• In the U.S. Senate, ordinary bills pass with a simple majority vote, but debate can only be cut off with a three-fifths vote, and a proposed constitutional amendment requires a two-thirds vote.

• Private decisions about what we eat or what we say are generally left for us to make individually.

Changing Preferences

There is also another acceptable way to relax the Universal Scope criterion that has not received much attention. The Universal Scope criterion demands that the collective choice system must take individual preferences and aggregate them into a single choice. As usually stated, this criterion requires that all possible sets of preferences be aggregated.

But what if we permit people to discuss and debate the issues and thereby elicit why they support their favored alternative? What if we further permit them to challenge the merits of alternatives, permit them to learn additional information about the ramifications of each, and permit them to modify and combine worthwhile alternatives? What if we permit them to change their minds?

Most groups have some process that encourages (or at least allows) these preference-changing interactions. As a result, under certain circumstances, individuals’ preferences will sometimes change and shift into alignment with others’ preferences. Moreover, some individuals’ preferences may fade to indifference — they no longer care what the final decision is. In these cases, unanimity of opinion may develop or, alternatively, everyone may be willing to consent to one option even if they do not prefer it.

In cooperative groups, decisions like this can be made even more often because individuals will look for solutions that best accommodate the group. They will focus less on their own personal desires and preferences and more on what is best for the group. Only when an option threatens to harm them or to trample their privacy do they feel compelled to block the decision process. This kind of cooperative process is usually known as “consensus decision-making.”

The consensus process is often dismissed as utopian or of limited applicability, but it actually has been used in a wide variety of situations. It is regularly practiced by Quakers (the Religious Society of Friends), many progressive social change activists, and an increasing number of others. It is also the process typically used informally by friends.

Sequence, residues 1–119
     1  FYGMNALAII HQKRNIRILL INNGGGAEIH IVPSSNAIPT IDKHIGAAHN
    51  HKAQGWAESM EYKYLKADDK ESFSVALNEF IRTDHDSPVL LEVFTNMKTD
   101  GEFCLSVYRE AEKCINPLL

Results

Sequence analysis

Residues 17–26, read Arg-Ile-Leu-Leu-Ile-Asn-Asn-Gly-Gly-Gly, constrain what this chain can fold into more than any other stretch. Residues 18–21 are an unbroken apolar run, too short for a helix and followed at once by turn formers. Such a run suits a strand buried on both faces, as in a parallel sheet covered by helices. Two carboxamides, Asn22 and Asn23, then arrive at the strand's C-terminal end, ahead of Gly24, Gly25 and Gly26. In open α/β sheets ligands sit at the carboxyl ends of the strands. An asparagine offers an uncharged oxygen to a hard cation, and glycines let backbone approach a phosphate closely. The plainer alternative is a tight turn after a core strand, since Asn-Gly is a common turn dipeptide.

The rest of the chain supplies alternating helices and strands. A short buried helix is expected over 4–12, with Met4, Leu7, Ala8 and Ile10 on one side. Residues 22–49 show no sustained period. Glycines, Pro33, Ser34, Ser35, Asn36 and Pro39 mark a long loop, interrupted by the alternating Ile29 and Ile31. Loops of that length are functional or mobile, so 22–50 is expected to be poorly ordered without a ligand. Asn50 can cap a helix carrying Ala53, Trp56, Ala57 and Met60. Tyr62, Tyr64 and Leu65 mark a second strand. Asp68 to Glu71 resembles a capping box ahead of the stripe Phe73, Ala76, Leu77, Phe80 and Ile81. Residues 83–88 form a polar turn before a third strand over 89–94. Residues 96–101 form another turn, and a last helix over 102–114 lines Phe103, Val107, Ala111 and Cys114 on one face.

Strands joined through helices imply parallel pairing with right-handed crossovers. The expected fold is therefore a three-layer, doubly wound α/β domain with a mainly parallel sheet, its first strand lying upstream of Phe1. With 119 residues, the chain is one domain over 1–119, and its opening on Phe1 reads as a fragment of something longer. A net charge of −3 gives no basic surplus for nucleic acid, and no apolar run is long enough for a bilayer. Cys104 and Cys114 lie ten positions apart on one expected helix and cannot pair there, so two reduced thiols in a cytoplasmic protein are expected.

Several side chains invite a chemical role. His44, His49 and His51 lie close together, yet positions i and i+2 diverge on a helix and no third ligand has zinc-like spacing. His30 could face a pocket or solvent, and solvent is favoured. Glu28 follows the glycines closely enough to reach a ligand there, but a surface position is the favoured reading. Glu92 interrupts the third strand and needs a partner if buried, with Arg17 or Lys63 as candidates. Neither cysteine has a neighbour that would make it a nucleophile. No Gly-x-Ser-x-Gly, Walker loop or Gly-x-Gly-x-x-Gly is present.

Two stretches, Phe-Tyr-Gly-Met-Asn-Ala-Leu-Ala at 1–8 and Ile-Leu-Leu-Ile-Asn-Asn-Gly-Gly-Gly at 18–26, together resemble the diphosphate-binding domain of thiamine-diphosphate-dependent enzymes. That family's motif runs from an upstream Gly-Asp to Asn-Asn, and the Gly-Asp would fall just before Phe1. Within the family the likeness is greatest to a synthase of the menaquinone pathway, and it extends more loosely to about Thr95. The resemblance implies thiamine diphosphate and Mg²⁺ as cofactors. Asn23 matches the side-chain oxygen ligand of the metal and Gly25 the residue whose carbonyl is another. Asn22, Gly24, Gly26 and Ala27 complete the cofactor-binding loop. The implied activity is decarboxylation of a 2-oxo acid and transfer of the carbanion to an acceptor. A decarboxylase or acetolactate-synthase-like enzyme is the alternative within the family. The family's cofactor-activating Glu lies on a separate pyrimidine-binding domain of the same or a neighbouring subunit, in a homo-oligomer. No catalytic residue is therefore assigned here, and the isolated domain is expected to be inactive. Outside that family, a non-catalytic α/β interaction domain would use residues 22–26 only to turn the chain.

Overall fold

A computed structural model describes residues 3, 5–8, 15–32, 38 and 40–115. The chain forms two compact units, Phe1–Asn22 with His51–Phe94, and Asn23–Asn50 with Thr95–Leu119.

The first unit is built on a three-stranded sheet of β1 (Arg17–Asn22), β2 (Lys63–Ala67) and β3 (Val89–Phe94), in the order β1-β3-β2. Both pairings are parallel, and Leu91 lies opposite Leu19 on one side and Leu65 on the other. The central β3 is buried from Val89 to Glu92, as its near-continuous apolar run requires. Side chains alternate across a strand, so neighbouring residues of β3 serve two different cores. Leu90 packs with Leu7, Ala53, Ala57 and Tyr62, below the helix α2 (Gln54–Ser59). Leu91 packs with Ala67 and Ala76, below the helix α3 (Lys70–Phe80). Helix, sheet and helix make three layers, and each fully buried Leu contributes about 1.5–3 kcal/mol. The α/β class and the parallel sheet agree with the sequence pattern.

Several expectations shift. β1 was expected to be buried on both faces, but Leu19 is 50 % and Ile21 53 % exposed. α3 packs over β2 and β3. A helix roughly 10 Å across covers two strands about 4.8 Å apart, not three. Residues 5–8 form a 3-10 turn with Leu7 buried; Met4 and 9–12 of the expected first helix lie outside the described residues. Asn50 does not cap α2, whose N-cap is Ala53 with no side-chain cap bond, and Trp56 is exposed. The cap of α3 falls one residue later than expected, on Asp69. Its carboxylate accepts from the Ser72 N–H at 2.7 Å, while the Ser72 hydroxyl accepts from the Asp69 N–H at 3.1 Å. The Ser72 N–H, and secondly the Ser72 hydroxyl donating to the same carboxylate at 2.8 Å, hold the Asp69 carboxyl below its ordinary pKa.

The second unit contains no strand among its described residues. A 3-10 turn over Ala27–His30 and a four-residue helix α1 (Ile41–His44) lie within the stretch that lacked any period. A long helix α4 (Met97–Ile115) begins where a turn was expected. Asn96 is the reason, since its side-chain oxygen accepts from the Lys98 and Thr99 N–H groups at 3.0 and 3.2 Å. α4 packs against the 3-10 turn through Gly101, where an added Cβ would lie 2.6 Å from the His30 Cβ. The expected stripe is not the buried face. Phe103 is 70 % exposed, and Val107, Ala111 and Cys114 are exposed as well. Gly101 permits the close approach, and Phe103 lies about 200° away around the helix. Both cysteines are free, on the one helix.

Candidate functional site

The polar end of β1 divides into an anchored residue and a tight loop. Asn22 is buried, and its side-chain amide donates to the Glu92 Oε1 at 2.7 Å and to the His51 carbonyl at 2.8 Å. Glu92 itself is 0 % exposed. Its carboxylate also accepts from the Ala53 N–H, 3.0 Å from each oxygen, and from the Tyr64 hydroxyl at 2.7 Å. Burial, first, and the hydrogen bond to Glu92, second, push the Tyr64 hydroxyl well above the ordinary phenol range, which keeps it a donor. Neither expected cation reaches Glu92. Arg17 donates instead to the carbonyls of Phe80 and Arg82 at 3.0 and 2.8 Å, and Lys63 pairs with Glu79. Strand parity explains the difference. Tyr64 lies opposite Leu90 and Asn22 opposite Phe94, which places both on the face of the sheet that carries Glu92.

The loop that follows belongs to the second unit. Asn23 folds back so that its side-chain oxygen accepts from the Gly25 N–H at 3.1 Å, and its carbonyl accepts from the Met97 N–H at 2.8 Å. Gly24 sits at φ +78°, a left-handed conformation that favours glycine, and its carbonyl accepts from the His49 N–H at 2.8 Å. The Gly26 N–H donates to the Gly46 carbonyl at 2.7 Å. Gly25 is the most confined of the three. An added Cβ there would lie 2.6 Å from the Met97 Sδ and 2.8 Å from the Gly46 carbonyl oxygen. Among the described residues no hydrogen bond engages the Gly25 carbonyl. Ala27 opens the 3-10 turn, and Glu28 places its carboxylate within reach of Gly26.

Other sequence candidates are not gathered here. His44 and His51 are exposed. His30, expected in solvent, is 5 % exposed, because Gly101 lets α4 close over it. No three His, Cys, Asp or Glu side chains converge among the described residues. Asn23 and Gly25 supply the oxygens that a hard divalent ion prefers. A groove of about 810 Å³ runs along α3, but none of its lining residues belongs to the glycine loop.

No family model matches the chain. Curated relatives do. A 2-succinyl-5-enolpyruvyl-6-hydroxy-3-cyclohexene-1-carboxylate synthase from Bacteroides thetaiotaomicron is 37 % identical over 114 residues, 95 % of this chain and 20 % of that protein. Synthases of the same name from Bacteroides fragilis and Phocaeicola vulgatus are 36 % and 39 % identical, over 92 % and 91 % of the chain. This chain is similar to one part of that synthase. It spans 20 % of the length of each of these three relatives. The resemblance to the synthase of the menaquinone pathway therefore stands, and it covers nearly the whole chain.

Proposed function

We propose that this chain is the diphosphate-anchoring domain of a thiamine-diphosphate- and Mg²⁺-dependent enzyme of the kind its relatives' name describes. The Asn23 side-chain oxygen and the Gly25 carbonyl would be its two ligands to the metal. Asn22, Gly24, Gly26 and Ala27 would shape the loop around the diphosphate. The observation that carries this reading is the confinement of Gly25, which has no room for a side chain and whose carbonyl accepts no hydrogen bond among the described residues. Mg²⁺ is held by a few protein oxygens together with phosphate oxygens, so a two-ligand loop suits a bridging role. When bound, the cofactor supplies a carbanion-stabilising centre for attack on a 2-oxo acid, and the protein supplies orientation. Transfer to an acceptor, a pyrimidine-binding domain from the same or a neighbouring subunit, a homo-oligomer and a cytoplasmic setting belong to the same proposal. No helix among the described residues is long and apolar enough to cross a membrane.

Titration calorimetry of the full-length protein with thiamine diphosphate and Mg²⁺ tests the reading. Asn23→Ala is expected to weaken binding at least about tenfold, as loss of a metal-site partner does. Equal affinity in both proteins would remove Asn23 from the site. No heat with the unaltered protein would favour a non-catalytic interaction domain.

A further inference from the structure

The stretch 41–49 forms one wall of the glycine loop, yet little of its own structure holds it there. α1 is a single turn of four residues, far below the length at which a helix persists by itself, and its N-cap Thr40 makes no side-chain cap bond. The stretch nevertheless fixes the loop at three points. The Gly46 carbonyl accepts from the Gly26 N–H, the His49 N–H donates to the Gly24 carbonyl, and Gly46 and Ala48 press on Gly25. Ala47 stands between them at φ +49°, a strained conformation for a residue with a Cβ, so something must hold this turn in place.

The Consensus Process

The consensus process does not focus on summing the individual preferences of people, but on coming up with good collective solutions. It pushes people to balance their own desires with the wants and needs of others. This process does not usually work well in hostile or manipulative groups or in competitive groups that are trying to allocate resources. But even in these groups, it can work since every effort to manipulate or dictate a decision just results in stagnation. Given enough time, eventually everyone realizes they must cooperate and produce a solution that is fair enough to be accepted by everyone.

The consensus process also does not usually work well in groups where individuals hold conflicting basic values. Basic values are those deep beliefs that a person applies under all circumstances. Everyone has some basic values like “I should not be killed.” As in this example, many of these values are shared by everyone. We can all understand them, and we are therefore willing to make decisions that do not violate them. Some other basic values are based on prejudice (racism, sexism, classism, and so on) or irrational fears. These are often immutable to logical or emotional appeals and can therefore lead to insurmountable disagreements.

All non-basic values, by definition, can change. New information, persuasive arguments, or emotional appeals can sway people to change their perspectives.

The consensus process works best in cooperative groups in which people value the other members of the group and wish to see them accommodated. It works best when individuals are able to rationally discuss their various perspectives and they are willing to reconsider their prejudices. And it works best when there is enough time for thorough discussion.


Arrow, Kenneth J., Social Choice and Individual Values, Second Edition, Yale University Press, 1963.

The first edition was published in 1951. This work carefully defines the problem of determining collective choice based on the preferences of individual members of a group. It proves that several apparently reasonable conditions of rationality and fairness are logically inconsistent: the Impossibility Theorem.

Blair, Douglas H. and Robert A. Pollak, “Rational Collective Choice,” Scientific American, Aug. 1983, p. 88.

A good summary of the voting paradox and the impossibility theorem of collective choice. It includes some of the proposed ways to relax Arrow’s conditions and how those lead to untenable solutions.

Sen, Amartya K., Collective Choice and Social Welfare, Holden Day, 1970.

A somewhat readable expansion of Arrow’s essay that explores several other proposed conditions and their limitations.